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The Adventure of the Dying Detective Characters & Analysis

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  • 0:04 Summary
  • 1:15 Sherlock Holmes
  • 1:45 Dr. Watson
  • 2:17 Culverton Smith
  • 3:13 Minor Characters
  • 4:10 Lesson Summary
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Lesson Transcript
Instructor: Catherine Smith

Catherine has taught History, Literature, and Latin at the university level and holds a PhD in Education.

'The Adventure of the Dying Detective' has only three significant characters and a few minor ones. This lesson looks at these characters and analyzes the roles and functions of the major characters.

Summary

The Adventure of the Dying Detective focuses mainly on Sherlock Holmes himself, who claims to be quite ill and about to die from a Sumatran disease. Mrs. Hudson, his housekeeper, is quite worried about him, so she convinces Dr. Watson to visit him in the apartment. Once Watson has seen Holmes, he too is convinced that Holmes is dying, so he leaves to fetch the one person who Holmes claims can save him: Culverton Smith. Watson returns to Holmes's apartment before Smith, and hides behind the bed in order to overhear what Smith and Holmes discuss. Smith admits to Holmes that he killed his own nephew, and also that he sent Holmes a package designed to infect him with the same disease. Holmes asks Smith to light the gas; this signals the presence of an investigator who is waiting outside to come inside and arrest Smith.

Characters

The Adventure of the Dying Detective has only three major characters: Sherlock Holmes, Dr. Watson, and Culverton Smith. These three play significant roles in advancing the plot and getting us to the conclusion of the story. Three minor characters also make appearances; these are Mrs. Hudson, Mr. Smith's butler, and Inspector Morton.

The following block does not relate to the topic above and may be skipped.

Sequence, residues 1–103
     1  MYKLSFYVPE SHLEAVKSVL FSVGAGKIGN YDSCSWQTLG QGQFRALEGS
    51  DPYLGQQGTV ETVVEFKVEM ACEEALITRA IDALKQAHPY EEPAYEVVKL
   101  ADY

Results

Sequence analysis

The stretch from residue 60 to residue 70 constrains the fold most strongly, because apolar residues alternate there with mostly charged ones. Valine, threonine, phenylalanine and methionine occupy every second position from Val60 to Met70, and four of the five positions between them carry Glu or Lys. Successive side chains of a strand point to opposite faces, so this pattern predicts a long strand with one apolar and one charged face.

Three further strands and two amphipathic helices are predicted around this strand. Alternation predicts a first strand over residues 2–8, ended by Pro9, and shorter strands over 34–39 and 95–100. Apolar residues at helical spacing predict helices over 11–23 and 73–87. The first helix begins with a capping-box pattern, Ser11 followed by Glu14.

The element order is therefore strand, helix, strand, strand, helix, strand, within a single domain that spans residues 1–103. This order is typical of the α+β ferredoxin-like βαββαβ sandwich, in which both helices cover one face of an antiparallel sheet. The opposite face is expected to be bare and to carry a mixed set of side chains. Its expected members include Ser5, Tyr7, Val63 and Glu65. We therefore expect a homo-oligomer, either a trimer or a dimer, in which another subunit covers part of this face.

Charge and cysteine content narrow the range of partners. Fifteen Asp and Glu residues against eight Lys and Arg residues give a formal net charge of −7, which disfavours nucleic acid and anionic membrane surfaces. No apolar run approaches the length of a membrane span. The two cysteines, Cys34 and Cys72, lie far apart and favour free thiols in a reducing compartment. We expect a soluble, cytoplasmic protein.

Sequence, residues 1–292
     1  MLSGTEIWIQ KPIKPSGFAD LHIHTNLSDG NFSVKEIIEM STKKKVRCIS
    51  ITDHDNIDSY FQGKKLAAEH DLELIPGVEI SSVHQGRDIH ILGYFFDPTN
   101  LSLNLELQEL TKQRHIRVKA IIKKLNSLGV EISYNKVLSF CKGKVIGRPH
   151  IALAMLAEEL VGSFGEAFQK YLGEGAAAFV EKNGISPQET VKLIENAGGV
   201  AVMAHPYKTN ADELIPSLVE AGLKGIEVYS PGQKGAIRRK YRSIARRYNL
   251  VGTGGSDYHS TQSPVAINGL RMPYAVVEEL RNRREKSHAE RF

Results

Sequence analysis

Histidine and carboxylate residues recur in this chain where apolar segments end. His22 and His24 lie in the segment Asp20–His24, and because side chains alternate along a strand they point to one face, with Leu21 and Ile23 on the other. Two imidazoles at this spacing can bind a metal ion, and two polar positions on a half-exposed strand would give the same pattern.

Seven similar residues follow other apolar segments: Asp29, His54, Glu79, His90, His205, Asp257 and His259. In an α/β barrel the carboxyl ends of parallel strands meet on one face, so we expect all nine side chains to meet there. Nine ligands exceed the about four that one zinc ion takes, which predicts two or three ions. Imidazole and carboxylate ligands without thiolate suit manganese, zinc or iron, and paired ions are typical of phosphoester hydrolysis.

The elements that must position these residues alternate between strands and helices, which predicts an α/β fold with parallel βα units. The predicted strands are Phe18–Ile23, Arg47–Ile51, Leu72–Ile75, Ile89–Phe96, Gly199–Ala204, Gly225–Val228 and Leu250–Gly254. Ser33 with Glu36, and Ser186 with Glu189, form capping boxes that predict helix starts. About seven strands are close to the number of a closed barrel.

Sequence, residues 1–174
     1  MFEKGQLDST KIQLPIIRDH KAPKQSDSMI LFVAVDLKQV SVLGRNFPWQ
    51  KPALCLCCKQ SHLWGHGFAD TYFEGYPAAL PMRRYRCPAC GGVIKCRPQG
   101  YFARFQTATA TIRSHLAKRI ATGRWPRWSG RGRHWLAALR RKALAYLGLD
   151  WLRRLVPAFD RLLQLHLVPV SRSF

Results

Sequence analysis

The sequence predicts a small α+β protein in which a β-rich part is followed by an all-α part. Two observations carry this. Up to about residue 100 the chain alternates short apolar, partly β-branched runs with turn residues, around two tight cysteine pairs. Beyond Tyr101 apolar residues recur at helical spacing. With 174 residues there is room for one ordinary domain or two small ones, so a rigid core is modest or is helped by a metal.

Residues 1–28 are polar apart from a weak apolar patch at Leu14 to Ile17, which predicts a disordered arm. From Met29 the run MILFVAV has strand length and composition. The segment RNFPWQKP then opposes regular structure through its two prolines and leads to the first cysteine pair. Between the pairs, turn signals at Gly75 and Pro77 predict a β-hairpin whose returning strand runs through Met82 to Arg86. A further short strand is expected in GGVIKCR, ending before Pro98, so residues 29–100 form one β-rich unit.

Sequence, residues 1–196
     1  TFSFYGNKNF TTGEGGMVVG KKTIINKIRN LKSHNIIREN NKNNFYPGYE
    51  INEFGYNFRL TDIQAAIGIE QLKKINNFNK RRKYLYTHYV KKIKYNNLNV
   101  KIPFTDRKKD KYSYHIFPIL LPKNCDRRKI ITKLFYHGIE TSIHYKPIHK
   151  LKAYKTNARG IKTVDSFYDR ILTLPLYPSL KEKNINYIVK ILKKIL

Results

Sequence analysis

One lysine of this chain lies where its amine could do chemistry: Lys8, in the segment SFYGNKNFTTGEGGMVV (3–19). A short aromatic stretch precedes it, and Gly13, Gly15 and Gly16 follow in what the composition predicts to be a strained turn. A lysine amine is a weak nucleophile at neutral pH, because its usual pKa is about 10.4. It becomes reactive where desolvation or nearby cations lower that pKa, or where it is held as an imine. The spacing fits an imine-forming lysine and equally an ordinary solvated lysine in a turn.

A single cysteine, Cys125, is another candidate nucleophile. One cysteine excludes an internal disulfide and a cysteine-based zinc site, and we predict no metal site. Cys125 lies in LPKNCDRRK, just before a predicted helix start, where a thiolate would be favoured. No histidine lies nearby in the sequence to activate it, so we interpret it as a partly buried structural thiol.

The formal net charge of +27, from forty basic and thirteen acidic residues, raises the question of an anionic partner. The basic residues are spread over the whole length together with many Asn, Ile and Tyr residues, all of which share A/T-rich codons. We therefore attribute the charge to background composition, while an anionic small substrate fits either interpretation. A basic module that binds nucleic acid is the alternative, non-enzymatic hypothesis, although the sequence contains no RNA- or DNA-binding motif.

Sherlock Holmes

Front and center to this mystery, as always, is Sherlock Holmes. In this particular story, he occupies an even bigger role, since he is not only investigating the mystery, but also serves as its focus. The central question that the reader is trying to answer in this story is whether Holmes is actually sick and, if he is not, why he is pretending to be? Holmes has two primary functions in the story: he solves the mystery, and he is a potential victim of a crime.

Dr. Watson

Dr. Watson's role in this mystery is much like it usually is: he is forever one step behind Holmes, and perhaps a little behind the reader as well. As is the case in most Sherlock Holmes mysteries, Watson has the important function of needing to have things explained to him by Holmes; as Holmes walks Watson through the details of the case, the reader gets to learn them as well. In The Adventure of the Dying Detective, Watson also keeps the story moving by making sure that Culverton Smith comes to Holmes's home at the right time to be overheard and arrested.

Culverton Smith

Culverton Smith is the villain of the mystery. We begin to suspect this early on when Holmes mentions casually that he had accused Smith of murdering his nephew. After that, if the reader had any remaining doubt as to whether Culverton Smith was the villain, these doubts most likely disappeared when Watson offered his description of Smith:

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